How It Works
Analog Conversion is an optional feature provided by a multifunction decoder when operated on Direct Current supplied from a traditional analog controller. The DC voltage level must be sufficient to power up the multifunction decoder circuitry (usually only a few volts) so that it can operate. In the absence of a DCC signal, the multifunction decoder will default to driving the motor in the same direction as the polarity of the DC supply indicates. As the supply voltage increases the multifunction decoder will supply more power to the motor so that speed increases accordingly. When the direction is reversed on the analog controller, the multifunction decoder will correspondingly reverse the direction of the motor.
Different multifunction decoders may handle different analog controllers with varying degrees of success because many analog controllers do not simply vary the voltage to vary the speed. Some of them employ PWM or other techniques to modulate the motor speed to improve low speed performance.
Many multifunction decoders support automatic function controls in analog conversion mode. For example, only lighting the headlight in the direction of travel.
The NMRA standards dictate fail safe modes which must be present.
When a command station is initialized, two states can exist:
- It has stored the previous state of the system
- It has no information regarding the previous state of the system.
If the system has no stored state, it shall send a minimum of 20 reset packets, followed by at least 10 idle packets, before sending any command packets. The ten idle packets are required to ensure the multifunction decoders exit service mode.
When receiving power, the multifunction decoder will boot up and enter digital operations mode. If a minor power loss occurs, and the multifunction decoder has received valid instructions prior to the outage, it should resume operations. If not, the multifunction decoder shall return the locomotive to a complete stop.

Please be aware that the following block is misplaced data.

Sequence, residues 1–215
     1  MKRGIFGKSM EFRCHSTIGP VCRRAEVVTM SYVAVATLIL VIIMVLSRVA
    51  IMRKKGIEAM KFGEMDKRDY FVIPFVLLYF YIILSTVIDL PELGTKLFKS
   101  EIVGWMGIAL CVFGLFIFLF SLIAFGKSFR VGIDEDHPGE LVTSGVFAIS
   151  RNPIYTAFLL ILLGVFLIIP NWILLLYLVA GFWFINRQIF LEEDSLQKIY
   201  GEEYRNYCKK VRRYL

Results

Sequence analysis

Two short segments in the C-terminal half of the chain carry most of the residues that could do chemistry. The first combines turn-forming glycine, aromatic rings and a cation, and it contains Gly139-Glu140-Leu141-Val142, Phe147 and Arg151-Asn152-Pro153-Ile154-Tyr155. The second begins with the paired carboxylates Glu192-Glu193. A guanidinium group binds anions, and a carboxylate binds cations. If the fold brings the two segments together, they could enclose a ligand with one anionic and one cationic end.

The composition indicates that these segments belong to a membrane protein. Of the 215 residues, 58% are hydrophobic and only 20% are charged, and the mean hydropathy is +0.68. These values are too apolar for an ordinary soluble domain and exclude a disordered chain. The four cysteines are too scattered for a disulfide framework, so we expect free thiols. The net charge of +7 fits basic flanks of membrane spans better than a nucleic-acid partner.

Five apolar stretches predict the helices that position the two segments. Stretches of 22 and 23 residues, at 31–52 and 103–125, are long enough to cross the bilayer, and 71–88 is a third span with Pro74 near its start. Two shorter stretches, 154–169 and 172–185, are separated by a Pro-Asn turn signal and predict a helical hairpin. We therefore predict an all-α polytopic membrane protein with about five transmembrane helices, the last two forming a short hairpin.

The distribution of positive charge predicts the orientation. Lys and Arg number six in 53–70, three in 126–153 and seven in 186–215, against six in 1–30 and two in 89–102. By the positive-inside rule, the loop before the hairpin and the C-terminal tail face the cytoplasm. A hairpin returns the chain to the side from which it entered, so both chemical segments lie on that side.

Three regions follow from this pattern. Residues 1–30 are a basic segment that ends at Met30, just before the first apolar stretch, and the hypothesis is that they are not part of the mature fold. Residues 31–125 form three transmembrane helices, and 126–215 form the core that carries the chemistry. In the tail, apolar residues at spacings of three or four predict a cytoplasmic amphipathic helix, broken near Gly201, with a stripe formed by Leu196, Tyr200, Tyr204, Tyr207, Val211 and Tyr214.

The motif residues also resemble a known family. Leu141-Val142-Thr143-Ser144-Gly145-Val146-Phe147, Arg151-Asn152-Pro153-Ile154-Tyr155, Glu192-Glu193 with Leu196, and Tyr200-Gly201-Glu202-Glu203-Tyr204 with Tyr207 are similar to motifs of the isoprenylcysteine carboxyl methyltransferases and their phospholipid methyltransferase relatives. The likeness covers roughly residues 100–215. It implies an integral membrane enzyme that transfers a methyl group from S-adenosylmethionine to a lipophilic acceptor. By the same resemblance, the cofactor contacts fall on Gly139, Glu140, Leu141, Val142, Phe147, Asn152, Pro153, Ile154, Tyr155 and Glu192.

Analog Conversion Notes
According to the NMRA Standard S-9.2.4, Fail Safe Operating Characteristics:
- If a multi-function (mobile) decoder has automatic conversion enabled, detects the absence of a DCC signal for more than 30 milliSeconds, it can switch to an alternate power source. If the decoder converts to an alternate power source, it shall accelerate or decelerate in the direction specified until it reaches the speed that the analog power dictates, using the programmed acceleration /deceleration rates of the decoder.
- A decoder not in digital mode detects a DCC signal, it shall switch to DCC operation and
- Continue at the same speed as it was while operating under the alternate power source
- Operate at the last known digital speed
- Stop until a proper digital instruction is received
- When converting to digital, should the new instructions cause the locomotive to reverse, the locomotive shall come to a complete stop (if needed) until:
- the direction information is the same,
- a DCC instruction packet is received that tells the decoder to stop,
- a reset packet is received, or
- track voltage drops to 0 Volts for 500 mS.
While operating in digital mode, the decoder shall have a Packet update timeout. If that value is exceeded, the decoder shall bring the locomotive or other devices controlled by it to a stop. The purpose is to ensure that all decoders receive updates from the command station which should help prevent runaway conditions. The user should be able to define the timeout value, or disable it.
Analog conversion is not required by the NMRA standard but the method of enabling it is. CV29's bit 2 must be turned on. By default, it is usually off. This bit means Enable Power Conversion. The NMRA standard allows for multiple types of power conversion and analog is only one of them. For decoders that support multiple types of conversion CV12 should be set to 1 for analog conversion.
Many users set the multifunction decoder to NMRA DCC Only, so if a multifunction decoder will not respond on a DC powered layout, check the decoder parameters are set to allow operation on analog power. This is done to prevent runaways should an unexpected condition occur on a DCC layout. As always, read the manual for your multifunction decoder.
Warning Regarding Operation of a Multifunction Decoder on an Analog Layout
Multifunction Decoders can be very demanding with regards to the signal quality on the track. Operation of a multifunction decoder on analog power does come with risks, as dirty track power can destroy an expensive multifunction decoder.
Low-cost analog power packs, and train set quality power packs can create voltage spikes, irregular waveforms and other issues as part of their design, especially those equipped with Pulse Power for better low speed operations. The amplitude of these spikes can be enough to permanently damage the multifunction decoder, rendering it useless.
See the warning from Rapido Trains regarding analog operations and multifunction decoder damage for more information.
Homebrew DCC Systems and Power Supplies
It is possible for homemade analog supplies or DCC Boosters to damage multifunction decoders. Analog DC supplies may introduce voltage spikes which can damage a decoder. Improperly designed or constructed DIY DCC Boosters can introduce a DC voltage to the track that can damage a DCC multifunction decoder.
- It is best to only use DCC systems which meet the NMRA DCC Standards to operate locomotives with DCC multifunction decoders installed, to avoid damage.
Further info: NMRA Standard S-9.2.4